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Streaming video

Title Dateline: Bees in the Hood/Topping Tehran/Spy vs Spy
Published Australia : SBS ONE, 2010
Online access available from:
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Description 1 online resource (streaming video file) (51 min. 49 sec.) ; 310606330 bytes
Summary BEES IN THE HOOD"If you don't have at least 10,000 bees, a colony will not survive." -Kevin Hackett, bee scientist.Across the United States the honey industry is in peril. For the past four years commercial bee keepers have been loosing 30% of their colonies every year, due to a mysterious problem known simply as 'colony collapse'. As Dateline's Ginny Stein reports, the situation is so dire that New York has overturned a decade-long ban on private bee keeping, welcoming new hives all over the city. "So many different factors can stress the bees but what kills them is likely to be a pathogen," bee scientist Kevin Hackett tells Stein. So, setting aside the fear of swarming and a public backlash to bee stings, New York City's Board of Health has deemed honey bees no longer too dangerous for urban life. Try telling that to anxious bystanders as Stein films bee keeper Andrew Cote trying to contain a swarm. "A swarm of bees is intimidating, a swarm of bees is frightening," Cote tells Stein. "They make people uncomfortable so 'emergency' in terms of people being actually in danger is very low but 'emergency' in terms of giving it a bad public face is very, very high." The swarm contained (with only one sting, in his eye), Cote proceeds to install hives in private gardens, on a school rooftop, even on top of a pub. As a result, New York City becomes less of a concrete jungle, and local bee products become all the rage. "If one eats local pollen not only does one get B and B complex vitamins and amino acids, but some sort of immunisation against local pollen allergies," Cote tells his customers. Just as importantly, local bees play a vital role in pollinating local gardens, keeping urban agriculture alive and well in the Big Apple.TOPPLING TEHRANThe images of brutaility on Iran's streets made headlines around the world a year ago, as huge protests took place in Tehran over the disputed election of President Ahmadinejad.But a new investigation shows that all was not well within the country's leadership too... three members of Iran's military elite, who have since fled the country, have told of deep rifts and open dissent in the ranks.They also describe the measures used to crush the protesters, including rape and torture, and the leaders with a plane on standby to get them out of the country if their regime collapsed.The men were tracked down in Turkey and Thailand by UK-based Guardian Films and The Bureau of Investigative Journalism. SPY VS SPYThe Middle East Peace Crisis has played out very publicly over the years, but the details of a behind-the-scenes world of spying and secrecy are also coming to light.As video journalist Sophie McNeill reports, it's a tale of undercover assassinations, bugged cars and clandestine meetings.Experts say the disclosures are the unravelling of a huge Israeli spy network in neighbouring countries like Lebanon and Syria.But exactly what can be traced back to the Israeli Government and its Mossad intelligence agency? And what's their response?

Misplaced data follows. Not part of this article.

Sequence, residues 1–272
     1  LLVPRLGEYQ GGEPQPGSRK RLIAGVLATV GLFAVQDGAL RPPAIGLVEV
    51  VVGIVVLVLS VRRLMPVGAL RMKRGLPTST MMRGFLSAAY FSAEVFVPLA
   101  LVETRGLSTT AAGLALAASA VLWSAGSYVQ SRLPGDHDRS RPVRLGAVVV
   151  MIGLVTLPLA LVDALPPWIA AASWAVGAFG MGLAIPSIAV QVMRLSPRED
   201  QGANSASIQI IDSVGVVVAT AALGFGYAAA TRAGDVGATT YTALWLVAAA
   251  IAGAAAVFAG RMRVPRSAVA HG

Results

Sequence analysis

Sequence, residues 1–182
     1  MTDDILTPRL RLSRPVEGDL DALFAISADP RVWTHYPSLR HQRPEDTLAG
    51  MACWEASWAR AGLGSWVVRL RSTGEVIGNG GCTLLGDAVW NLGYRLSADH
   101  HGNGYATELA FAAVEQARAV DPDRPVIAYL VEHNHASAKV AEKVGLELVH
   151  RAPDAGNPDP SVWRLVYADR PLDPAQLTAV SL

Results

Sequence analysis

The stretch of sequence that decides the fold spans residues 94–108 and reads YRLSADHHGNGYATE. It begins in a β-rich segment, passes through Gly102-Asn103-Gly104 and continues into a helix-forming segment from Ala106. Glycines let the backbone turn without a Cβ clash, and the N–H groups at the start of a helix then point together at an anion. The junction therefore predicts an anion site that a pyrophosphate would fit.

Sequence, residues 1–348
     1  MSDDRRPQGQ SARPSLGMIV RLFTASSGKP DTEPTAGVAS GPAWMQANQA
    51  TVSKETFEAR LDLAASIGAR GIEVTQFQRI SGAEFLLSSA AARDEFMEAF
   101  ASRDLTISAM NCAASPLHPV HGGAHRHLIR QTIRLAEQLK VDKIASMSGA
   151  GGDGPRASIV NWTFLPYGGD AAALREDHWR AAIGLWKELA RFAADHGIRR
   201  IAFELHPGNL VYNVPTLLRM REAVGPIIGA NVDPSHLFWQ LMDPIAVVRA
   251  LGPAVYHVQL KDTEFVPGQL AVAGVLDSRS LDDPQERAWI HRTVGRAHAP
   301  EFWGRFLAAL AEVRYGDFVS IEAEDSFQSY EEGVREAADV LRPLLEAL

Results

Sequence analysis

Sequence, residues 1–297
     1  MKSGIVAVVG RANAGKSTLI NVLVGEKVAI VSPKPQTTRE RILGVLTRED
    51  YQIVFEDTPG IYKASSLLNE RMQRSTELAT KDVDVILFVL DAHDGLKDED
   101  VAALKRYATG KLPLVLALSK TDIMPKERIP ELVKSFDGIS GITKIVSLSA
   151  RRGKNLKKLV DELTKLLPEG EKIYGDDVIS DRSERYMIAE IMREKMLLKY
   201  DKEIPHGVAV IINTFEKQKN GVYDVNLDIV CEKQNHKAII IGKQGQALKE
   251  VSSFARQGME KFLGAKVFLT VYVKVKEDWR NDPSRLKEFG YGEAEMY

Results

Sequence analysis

Event Broadcast 2010-07-25 at 20:30:00
Notes Classification: NC
Subject Ahmadinejad, Mahmoud.
Contested elections.
Leaks (Disclosure of information)
Iran -- Tehran.
New York (State)
Form Streaming video
Author Abdu, Janan, contributor
Barrett, Mike, contributor
Bergman, Ronen, contributor
Cote, Andrew, contributor
Crooke, Alistair, contributor
David, Andy, contributor
Durnford, Chris, contributor
Hackett, Kevin, contributor
Ḥamdān, Usāmah, contributor
Hotait, Amin, contributor
Illeik, Hassan, reporter
Madhi, Mohammad Reza, contributor
Mcneill, Sophie, reporter
Mekdad, Fayssal, contributor
Moghimi, Javad, contributor
Negus, George, host
Stein, Ginny, reporter
Thomas, Gordon, contributor
Torkaman, Mohammed, contributor
Weprin, Adam, contributor